The White Pelican is a big bird — it is probably the biggest bird we get. Mind you, the Trumpeter Swan is a bit heavier, but a tad smaller.
Although we get the Trumpeter Swan with far greater frequency, I have only seen the White Pelican a few times at the south end of the Main Lake, from which it probably heads to the prairie provinces to breed. Occasionally they have been seen travelling down the West Arm of Kootenay Lake (where I live). These are probably ones that are headed for the only pelican breeding place in B.C.: Stum Lake, about 60 km to the west of Williams Lake.
Today, eight of them were here travelling west along the West Arm. It was the first time I have seen this bird in its breeding garb.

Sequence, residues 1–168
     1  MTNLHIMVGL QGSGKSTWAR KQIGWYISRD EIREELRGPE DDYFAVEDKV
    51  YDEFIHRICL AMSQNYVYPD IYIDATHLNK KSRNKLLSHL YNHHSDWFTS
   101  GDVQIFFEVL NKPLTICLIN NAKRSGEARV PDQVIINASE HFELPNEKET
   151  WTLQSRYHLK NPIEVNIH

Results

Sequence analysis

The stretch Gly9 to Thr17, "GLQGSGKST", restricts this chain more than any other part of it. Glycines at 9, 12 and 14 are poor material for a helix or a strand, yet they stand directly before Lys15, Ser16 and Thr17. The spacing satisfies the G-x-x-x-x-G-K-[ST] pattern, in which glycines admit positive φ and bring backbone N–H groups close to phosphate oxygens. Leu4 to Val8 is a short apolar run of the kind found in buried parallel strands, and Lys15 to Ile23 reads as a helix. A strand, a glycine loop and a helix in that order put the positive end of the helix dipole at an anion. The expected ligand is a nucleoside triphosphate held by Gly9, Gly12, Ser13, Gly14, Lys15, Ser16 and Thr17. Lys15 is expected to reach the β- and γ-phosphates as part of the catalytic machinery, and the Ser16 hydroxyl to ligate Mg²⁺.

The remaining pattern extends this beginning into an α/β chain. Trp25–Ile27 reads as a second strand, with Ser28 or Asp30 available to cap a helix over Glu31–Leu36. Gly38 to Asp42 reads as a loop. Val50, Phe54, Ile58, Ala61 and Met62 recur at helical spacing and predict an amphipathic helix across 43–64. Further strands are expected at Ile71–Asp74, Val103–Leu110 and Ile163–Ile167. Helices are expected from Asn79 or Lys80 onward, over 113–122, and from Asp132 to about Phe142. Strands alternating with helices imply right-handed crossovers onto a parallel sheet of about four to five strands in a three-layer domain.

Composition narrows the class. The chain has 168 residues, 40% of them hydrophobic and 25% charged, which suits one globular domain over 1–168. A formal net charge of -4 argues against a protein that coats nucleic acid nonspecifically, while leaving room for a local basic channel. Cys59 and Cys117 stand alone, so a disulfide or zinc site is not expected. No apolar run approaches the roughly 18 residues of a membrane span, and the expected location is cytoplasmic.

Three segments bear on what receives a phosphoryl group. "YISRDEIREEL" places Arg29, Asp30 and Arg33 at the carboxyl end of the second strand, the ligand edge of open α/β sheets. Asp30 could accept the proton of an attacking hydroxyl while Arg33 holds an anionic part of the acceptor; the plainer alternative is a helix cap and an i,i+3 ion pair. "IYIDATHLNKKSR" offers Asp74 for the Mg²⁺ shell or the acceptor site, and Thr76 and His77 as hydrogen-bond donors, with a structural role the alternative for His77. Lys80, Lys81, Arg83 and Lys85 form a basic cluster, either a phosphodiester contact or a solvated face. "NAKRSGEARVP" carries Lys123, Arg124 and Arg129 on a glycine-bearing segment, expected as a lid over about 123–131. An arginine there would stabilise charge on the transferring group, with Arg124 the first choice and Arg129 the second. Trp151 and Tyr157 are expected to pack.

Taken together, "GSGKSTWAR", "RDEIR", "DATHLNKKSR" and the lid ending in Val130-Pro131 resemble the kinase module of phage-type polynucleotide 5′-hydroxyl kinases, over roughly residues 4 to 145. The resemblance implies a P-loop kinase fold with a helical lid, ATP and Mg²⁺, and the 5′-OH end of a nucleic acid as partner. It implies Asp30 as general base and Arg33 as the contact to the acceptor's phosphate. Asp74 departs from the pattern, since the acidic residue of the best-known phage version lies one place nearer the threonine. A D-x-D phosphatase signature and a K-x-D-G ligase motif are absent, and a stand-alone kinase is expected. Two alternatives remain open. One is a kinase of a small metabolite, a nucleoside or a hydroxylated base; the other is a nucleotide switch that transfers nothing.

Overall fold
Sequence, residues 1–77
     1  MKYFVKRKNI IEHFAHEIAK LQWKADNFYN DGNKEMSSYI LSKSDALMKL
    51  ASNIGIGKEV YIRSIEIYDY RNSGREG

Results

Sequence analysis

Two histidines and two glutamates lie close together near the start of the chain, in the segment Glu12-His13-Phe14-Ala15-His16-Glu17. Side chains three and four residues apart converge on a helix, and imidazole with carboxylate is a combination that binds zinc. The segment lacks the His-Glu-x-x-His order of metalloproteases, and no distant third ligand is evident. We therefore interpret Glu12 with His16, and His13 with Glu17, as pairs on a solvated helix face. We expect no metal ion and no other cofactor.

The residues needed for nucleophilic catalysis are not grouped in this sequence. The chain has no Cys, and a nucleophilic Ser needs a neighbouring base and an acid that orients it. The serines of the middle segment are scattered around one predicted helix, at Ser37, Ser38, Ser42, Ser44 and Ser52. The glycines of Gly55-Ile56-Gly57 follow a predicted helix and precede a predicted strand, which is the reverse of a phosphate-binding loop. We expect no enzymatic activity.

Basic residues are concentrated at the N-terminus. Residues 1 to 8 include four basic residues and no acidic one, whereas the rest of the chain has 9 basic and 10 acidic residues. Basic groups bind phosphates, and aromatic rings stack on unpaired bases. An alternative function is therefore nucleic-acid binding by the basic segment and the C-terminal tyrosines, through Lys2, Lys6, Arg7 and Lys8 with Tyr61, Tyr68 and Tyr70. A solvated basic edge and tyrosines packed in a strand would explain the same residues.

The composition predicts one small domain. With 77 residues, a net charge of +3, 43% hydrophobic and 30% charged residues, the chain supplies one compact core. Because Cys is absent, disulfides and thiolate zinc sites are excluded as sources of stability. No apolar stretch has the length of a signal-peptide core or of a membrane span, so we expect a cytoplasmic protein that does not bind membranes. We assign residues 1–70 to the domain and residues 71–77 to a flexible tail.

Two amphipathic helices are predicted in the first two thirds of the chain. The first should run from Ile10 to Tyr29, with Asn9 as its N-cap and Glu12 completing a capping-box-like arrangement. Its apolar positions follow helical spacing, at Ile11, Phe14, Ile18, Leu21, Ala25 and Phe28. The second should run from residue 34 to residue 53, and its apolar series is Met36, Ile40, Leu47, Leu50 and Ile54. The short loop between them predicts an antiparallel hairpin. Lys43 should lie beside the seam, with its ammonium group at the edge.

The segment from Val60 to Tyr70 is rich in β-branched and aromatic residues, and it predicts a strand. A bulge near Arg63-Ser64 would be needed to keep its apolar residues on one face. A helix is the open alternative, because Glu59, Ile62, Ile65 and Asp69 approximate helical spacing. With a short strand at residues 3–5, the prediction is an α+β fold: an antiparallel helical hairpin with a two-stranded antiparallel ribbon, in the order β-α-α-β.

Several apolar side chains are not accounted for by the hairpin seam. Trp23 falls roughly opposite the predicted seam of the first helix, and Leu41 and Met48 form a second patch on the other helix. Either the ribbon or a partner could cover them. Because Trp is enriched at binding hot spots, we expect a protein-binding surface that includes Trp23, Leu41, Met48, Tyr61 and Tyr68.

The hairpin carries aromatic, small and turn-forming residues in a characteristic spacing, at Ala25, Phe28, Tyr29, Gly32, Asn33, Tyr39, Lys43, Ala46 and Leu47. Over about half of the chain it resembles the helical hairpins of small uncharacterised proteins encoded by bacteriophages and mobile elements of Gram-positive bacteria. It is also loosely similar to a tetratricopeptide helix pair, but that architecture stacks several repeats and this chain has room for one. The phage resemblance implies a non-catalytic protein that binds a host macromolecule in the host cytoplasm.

Eight pelicans are coming along the West Arm of Kootenay Lake. Photo by Cynthia Fraser.
As they get closer they fan their tails and drop feet preparing to land.
When closer, they temporarily change their minds.
A yellow plate forms on the bill of a breeding adult. It vanishes when eggs are laid. It is the first time I have seen this plate.
Then they landed. The odd structure around the eye is mysterious.